My point with my friend Bill is that he is not a project manager and does not belong to any project team, but he is vital to the success of any product development effort in his company because his responsibility is technical and engineering process, quality, professional development of his staff, and keeping his eyes on technical quality. He casts an uneasy eye on managerial decisions that short cut good engineering.

In today's global economy, businesses are increasingly challenged to generate and translate new, innovative ideas into new products and services, and then to get those products and services to market—cheaper, better, and faster. At the same time, project and product managers face the difficulty of stopping bad ideas at critical points or "gateways" in the process before they become expensive project and product—and company—failures. These "go and no-go" decision points occur in what is termed project review stage.

This book will integrate the two fields—new product development and project management—into one practical treatment of how to drive new concepts and products to market faster, better, and cheaper. The basic issue is how to move new products and services quickly from concept to product to market as a managed and seamless process, free of technical and handoff bottlenecks, technical problems, and delays, and how to ensure that bad products are stopped at key review points, before they become product and project failures.

New product development, as defined and supported by the Product Development Management Association (PDMA), centers on customers, product designs, marketing, launch plans, and the business case for a product. The PDMA community is dominated by marketing people and marketing ideas, not project management ideas. However, PDMA-oriented guidance is beginning to reflect the managerial and organizational issues in producing successful new products.

On the other hand, resources, schedules, Gantt charts, budgets and costs, and teams drive the project management field. PMI (Project Management Institute)-oriented books typically address the managerial and resource issues in producing deliverables in an organizational environment. Project management and the traditional PMI process and certification process focuse on resources, scopes of work, contracts and proposals, schedules, budgets, and teams, providing the essential administrative, organizational, and managerial framework for designing and producing a deliverable. But classic project management does not push the frontier of new product development or marketing. Project management has a process and managerial focus.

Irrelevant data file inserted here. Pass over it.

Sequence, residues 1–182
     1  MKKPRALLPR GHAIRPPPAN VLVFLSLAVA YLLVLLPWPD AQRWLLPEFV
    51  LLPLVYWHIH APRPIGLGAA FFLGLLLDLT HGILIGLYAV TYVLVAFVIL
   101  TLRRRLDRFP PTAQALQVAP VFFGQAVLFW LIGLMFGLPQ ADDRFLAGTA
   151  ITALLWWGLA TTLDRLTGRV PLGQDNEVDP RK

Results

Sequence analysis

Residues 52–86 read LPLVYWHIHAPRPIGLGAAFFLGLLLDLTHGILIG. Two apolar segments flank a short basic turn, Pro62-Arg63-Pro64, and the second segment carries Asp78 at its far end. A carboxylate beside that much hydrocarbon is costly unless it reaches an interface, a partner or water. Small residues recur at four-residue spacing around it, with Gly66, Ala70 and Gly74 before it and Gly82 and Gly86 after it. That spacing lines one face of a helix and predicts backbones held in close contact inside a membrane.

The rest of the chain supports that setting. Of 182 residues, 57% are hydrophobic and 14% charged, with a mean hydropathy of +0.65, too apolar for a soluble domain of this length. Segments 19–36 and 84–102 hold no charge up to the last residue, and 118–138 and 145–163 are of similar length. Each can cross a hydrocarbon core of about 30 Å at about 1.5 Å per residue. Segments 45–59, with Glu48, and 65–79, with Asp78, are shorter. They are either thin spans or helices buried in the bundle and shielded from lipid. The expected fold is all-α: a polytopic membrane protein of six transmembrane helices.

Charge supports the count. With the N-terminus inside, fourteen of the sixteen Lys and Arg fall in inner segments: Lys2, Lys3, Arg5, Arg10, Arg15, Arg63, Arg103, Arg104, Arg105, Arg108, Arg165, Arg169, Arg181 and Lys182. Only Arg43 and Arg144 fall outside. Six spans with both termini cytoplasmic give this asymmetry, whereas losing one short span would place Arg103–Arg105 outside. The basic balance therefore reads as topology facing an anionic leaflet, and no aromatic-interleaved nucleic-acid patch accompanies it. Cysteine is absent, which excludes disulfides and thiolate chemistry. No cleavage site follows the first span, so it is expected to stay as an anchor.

Many good authors have addressed product development. Robert Cooper in Winning at New Products and Portfolio Management for New Products, Michael McGrath in Next Generation Product Development, and Bean and Radford in The Business of Innovation are good examples of excellent references. But there is little out there on managing new product development. See our bibliography for other good sources, especially on new product development from a marketing aspect.

Classic project management texts address the PMI PMBOK process but rarely get into hard product development and engineering cases; Kerzner, Lewis, Larson, and others have produced books and texts in project management, and some include good case studies. But project management books rarely see new product development as the key, generic process structure for the deliverable.

A common process for both fields is portfolio development, but new product people see this as a business case and marketing process, where project managers tend to think in terms of feasibility, financial performance, strategic alignment, and the right number of projects in the pipeline.

The managerial implications of new product development come especially to light when considered in the context of multiple projects and resource management challenges. How does a program (multiproject) manager keep track of several new product projects in a portfolio and ensure a good balance and mix, consistent management, and good decisions on progressing from one phase to another?

Internet Impact on New Product Development

The Internet is changing the new product development process such as Internet sources as through Wikipedia, YouTube, and Innocentive. Models, simulations, and basic performance information on new products are now instantaneously available through the Internet, freeing new product developers to generate new ideas and demand for new information instead of simply researching for current product information. Virtual teams now dominate the process. This means that innovation and creativity will be increasingly focused on truly incremental product and service concepts, not reinventing the wheel. Engineers can find out easily what now works, what is in the pipeline for development, and what is fair game for new development. Customers and client groups now can participate in new product development through Internet market research and direct involvement, thus the design and testing process cannot be seen as more concurrent and integrative, and less sequential.